Bark lesions on beech (Fagus sylvatica) and their relation to epiphytes and site variables in Scania, south Sweden.
Summary, in English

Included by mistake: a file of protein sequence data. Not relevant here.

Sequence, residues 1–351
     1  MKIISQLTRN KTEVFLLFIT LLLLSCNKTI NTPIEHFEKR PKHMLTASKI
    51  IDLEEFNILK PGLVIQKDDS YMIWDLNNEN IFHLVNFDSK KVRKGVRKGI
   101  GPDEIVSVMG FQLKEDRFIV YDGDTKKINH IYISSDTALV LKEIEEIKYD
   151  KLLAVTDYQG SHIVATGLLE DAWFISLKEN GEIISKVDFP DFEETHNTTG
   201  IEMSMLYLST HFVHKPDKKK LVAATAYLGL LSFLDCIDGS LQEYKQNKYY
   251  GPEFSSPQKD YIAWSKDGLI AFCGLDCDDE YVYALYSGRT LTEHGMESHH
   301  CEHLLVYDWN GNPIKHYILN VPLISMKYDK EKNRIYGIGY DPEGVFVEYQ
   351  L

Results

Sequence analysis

Beech bark lesions, (Cryptococcus fagisuga), the most common lichen and fungi epiphytes on beech (Fagus sylvatica) stems were studied at 48 sites in Scania, south Sweden. Different site variables and the influence of nitrogen deposition were investigated. The field vegetation and lichens were used as biological indicators by calculating indices for nutrition status, toxicity, pH, light and moisture. Two sets of lichen indices, from Hultengren and Ellenberg, respectively, were calculated. Beech bark lesions were found at 25 sites and were more frequent at more polluted sites with much C. fagisuga and Lecanora conizaeoides, and on largish trees. Algae cover and C. fagisuga were positively correlated. Both preferred sites with no direct light exposure, high nitrogen deposition and low pH. The two sets of lichen indices were fairly comparable for toxitolerance, light and pH. In this investigation, Lepraria incana was the most frequent of all epiphytes, often determining the value of the lichen indices.